For the record, one of the things I found really enjoyable about the film was that kind of blatant honesty about the power of money, and how a short annoying man is made more attractive with its allure. Some might call it mature, some might call it cynical — but whatever you call it, it’s refreshing. Liza’s dad is the pinnacle of this; a lot of great comedy is derived from him being more excited about Arthur than Liza is.
Arthur woos Liza whilst simultaneously dealing with this situation where he’s supposed to marry the Susan lady — this includes driving out of Manhattan, swigging booze, to officially propose to the bland-as-fuck Susan, followed by a drive to Liza’s borough, EVEN MORE DRUNK, to confess his love and also his engagement. Let us always remember, Frank, that nothing good happens after 2 AM and you shouldn’t ever try a drop-by like that — especially because drunk driving is no longer a charming thing for a drunk to do.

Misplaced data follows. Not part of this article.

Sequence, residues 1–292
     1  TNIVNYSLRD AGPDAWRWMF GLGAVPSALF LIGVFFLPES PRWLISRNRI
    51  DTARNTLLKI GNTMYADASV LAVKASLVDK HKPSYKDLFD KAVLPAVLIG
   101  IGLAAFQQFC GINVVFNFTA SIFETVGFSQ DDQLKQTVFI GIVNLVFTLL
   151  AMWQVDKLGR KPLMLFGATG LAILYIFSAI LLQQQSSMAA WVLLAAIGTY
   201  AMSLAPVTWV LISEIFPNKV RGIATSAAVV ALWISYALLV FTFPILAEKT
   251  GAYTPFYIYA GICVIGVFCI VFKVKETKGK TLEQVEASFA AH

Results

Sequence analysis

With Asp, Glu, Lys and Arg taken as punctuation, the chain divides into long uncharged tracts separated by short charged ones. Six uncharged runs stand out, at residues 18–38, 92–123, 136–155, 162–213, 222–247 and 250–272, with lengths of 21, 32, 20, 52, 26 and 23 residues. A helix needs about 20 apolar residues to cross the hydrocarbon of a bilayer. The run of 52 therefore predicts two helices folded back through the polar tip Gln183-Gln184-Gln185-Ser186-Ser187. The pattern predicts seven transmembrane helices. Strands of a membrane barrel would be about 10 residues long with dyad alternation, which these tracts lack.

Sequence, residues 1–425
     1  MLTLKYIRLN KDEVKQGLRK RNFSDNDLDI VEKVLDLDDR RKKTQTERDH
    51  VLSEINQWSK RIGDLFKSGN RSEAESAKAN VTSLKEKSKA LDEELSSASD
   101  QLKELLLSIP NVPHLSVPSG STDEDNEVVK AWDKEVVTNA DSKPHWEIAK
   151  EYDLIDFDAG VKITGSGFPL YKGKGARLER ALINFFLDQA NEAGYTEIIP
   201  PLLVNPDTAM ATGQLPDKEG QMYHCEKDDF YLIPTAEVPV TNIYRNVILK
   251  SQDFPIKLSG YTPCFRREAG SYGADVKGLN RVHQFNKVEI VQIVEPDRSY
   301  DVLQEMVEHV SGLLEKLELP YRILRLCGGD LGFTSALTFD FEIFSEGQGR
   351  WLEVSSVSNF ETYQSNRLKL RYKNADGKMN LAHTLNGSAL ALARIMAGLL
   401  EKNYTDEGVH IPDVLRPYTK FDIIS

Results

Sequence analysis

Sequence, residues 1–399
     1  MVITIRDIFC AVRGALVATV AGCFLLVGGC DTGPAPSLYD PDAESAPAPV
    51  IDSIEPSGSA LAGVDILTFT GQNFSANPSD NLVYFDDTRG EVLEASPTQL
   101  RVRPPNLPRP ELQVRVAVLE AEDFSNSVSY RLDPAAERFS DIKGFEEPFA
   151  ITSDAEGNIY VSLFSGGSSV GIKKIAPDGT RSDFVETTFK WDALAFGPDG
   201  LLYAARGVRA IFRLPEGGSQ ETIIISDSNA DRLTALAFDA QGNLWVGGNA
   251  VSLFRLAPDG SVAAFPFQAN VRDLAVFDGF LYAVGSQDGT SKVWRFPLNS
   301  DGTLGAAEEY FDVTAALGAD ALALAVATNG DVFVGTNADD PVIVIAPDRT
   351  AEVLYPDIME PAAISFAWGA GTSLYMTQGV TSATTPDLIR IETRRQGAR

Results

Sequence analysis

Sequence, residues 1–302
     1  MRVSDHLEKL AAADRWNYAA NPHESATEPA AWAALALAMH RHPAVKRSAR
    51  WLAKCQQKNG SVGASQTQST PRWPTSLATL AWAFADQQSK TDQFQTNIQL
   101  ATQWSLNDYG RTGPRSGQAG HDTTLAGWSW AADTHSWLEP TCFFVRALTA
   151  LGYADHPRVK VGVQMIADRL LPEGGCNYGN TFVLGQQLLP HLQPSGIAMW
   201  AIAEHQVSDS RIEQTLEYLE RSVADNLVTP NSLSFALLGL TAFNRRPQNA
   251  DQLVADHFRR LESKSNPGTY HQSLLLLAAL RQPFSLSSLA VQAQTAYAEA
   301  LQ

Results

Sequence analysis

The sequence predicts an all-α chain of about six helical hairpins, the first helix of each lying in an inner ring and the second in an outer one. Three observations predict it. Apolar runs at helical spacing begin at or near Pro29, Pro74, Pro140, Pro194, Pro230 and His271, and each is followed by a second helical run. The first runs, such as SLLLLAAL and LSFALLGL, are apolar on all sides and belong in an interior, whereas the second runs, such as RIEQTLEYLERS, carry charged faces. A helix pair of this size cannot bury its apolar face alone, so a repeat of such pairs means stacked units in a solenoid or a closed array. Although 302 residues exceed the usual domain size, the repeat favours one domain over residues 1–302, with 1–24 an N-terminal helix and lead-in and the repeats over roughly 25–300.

This maneuver doesn’t get Arthur thrown in jail, but still goes badly because once again, nothing good ever happens after 2 AM. However, Liza gets reconvinced to give Arthur a chance when Dobson comes by to invite her to Arthur’s engagement party.
But just as Arthur’s won over Liza whilst simultaneously dealing with the fact that he’s gotta marry bland-as-fuck Susan, things come to a head with Hobson, who’s been totally dying of brain cancer this whole time. His final act is the film’s climax, as Arthur essentially drops everything to take care of him, and it’s super-sad and sweet, because Arthur is totally blatantly clear about how Hobson is essentially the person who raised him, and afterwards he’s pretty much destroyed.
This means that he decides to blow off his wedding to Susan in order to run off with Liza — this is tough, because Susan’s father is a vicious hunter who’s already threatened physical violence against Arthur. But, from a third-party perspective, I gotta admit that Arthur’s in the right here. For one thing, who the fuck picks a a wedding dress uglier than the bridesmaid gowns?